Friday, June 29, 2012

On Becoming Unglued...

On June 20th, the e-book world changed: One innovation cut through the fog of the discussions on copyright, digital rights management (DRM), and various other real and perceived problems of digital books. It did not take a revolution, angry protests, lobbying of politicians, or changes in copyright law. All it took was a simple idea, and the talent and determination to implement it.

Gluejar is a company that pays authors for the digital rights to their books. When it acquires those rights, Gluejar produces the e-book and makes it available under a suitable open-access license. Gluejar calls this process the ungluing of the book.

Handing out money, while satisfying, is not much of a business model. So, Gluejar provides a platform for the necessary fundraising. When proposing to unglue a book, an author sets a price level for the digital rights, and the public is invited to donate as little or as much as they see fit. If the price level is met, the pledged funds are collected from the sponsors, and the book is unglued.

Why would the public contribute? First and foremost, this is small-scale philanthropy: the sponsors pay an author to provide a public benefit. The ever increasing term of copyright, now 70 years beyond the death of the author, has long been a sore point for many of us. Here is a perfectly valid free-market mechanism to release important works from its copyright shackles, while still compensating authors fairly. Book readers that devote a portion of their book-buying budget to ungluing build a lasting free public electronic library that can be enjoyed by everyone.

The first ungluing campaign, “Oral Literature In Africa” by Ruth H. Finnegan (Oxford University Press, 1970), raised the requisite $7,500 by its June 20th deadline. Among the 271 donors, there were many librarians. Interestingly, two libraries contributed as institutions: the University of Alberta Library and the University of Windsor Leddy Library. The number of participating institutions is small, but any early institutional recognition is an encouraging leading indicator.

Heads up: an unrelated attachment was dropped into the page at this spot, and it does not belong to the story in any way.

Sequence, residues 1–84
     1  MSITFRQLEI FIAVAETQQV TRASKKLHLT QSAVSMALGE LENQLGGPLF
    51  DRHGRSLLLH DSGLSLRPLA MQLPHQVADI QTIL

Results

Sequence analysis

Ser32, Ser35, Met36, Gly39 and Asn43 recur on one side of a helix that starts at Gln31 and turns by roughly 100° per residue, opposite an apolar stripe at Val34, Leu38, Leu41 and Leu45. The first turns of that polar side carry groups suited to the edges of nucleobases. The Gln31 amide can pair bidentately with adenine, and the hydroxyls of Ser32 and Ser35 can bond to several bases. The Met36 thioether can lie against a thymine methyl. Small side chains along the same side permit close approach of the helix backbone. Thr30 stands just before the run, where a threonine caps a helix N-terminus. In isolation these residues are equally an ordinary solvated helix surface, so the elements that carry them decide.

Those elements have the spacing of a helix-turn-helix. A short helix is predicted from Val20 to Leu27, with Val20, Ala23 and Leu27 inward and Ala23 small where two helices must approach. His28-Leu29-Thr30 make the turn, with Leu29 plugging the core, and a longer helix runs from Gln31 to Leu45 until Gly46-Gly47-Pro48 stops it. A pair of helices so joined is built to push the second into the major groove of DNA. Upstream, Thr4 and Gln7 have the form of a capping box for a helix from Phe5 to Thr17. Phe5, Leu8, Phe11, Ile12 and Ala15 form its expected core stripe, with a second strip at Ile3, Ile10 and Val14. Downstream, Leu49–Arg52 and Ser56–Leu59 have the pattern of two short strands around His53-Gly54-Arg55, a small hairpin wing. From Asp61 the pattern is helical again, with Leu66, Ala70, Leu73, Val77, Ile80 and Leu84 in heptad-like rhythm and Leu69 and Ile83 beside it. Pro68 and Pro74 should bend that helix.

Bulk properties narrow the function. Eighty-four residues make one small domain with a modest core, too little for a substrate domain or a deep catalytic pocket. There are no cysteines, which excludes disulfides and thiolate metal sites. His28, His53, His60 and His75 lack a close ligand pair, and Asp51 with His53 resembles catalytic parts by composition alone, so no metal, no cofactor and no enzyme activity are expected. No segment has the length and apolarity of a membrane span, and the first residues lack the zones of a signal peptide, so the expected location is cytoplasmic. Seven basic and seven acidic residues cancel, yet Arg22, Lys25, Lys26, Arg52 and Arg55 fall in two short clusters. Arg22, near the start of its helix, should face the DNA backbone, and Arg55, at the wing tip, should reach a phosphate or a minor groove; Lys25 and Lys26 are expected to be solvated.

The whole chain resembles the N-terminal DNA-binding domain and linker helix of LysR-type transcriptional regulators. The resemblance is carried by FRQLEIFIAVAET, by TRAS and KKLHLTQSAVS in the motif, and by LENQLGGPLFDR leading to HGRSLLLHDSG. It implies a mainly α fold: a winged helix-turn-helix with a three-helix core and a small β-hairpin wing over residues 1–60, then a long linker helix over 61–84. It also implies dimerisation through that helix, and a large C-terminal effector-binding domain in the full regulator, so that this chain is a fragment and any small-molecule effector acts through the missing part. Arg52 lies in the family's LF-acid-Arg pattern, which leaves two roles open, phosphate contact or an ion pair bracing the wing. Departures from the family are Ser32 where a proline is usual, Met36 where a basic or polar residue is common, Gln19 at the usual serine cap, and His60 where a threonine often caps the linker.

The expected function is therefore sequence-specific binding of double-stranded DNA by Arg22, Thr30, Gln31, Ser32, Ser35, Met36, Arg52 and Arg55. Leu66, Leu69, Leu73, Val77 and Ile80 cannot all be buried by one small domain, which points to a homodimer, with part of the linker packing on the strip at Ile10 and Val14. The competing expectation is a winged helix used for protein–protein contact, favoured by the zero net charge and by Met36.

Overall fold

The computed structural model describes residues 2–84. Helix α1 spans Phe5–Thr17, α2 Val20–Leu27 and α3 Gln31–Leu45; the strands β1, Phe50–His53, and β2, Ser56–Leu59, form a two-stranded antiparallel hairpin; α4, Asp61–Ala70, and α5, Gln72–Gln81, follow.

I hope these pioneers will now form a friendly network of lobbyists for the idea that all libraries contribute a portion of their book budget to ungluing books. I propose a modest target: within one year, every library should set aside 1% of its book budget for ungluing. This is large enough to create a significant (distributed) fund, yet small enough not to have a negative impact on operations, even in these tough times. Encourage your library to try it out now by contributing to any of four open campaigns. Once they see it in action and participate, they'll be hooked.

Special recognition should go to Eric Hellman, the founder of Gluejar. I have known Eric many years and worked with him when we were both on the NISO Committee that produced the OpenURL standard. Eric has always been an innovator. With Gluejar, he is changing the world... one book at a time.

Thursday, June 21, 2012

The PeerJ Disruption

The Open Access movement is not ambitious enough. That is the implicit message of the PeerJ announcement.

PeerJ distills a journal to what it really is: a social network. For a relatively small lifetime membership fee ($99 to $249 depending on the level an author chooses), authors get access to the social network, whose mission it is to disseminate and archive scholarly work. The concept is brilliant. It cuts through the clutter. Anyone who has ever published a paper understands it immediately. It makes sense.

The idea seems valid, but how can they execute it with membership fees that are so  low? When I see this level of price discrepancy between a new and an old product, I recall the words of the Victorian-era critic John Ruskin:

“It is unwise to pay too much, but it’s worse to pay too little. When you pay too much, you lose a little money — that’s all. When you pay too little, you sometimes lose everything, because the thing you bought is incapable of doing the thing it was bought to do.”
“There is hardly anything in the world which someone can’t make a little worse and sell a little cheaper — and people who consider price alone are this man’s lawful prey.”

On the other hand, we lived through fifty years of one disruptive idea after another proving John Ruskin wrong. Does the PeerJ team have a disruptive idea up their sleeve to make a quality product possible at the price level they propose?

In one announcement, the PeerJ founders state that “publication fees of zero were the thing we should ultimately aim for”. They hint at how they plan to publish the scholarly literature at virtually no cost: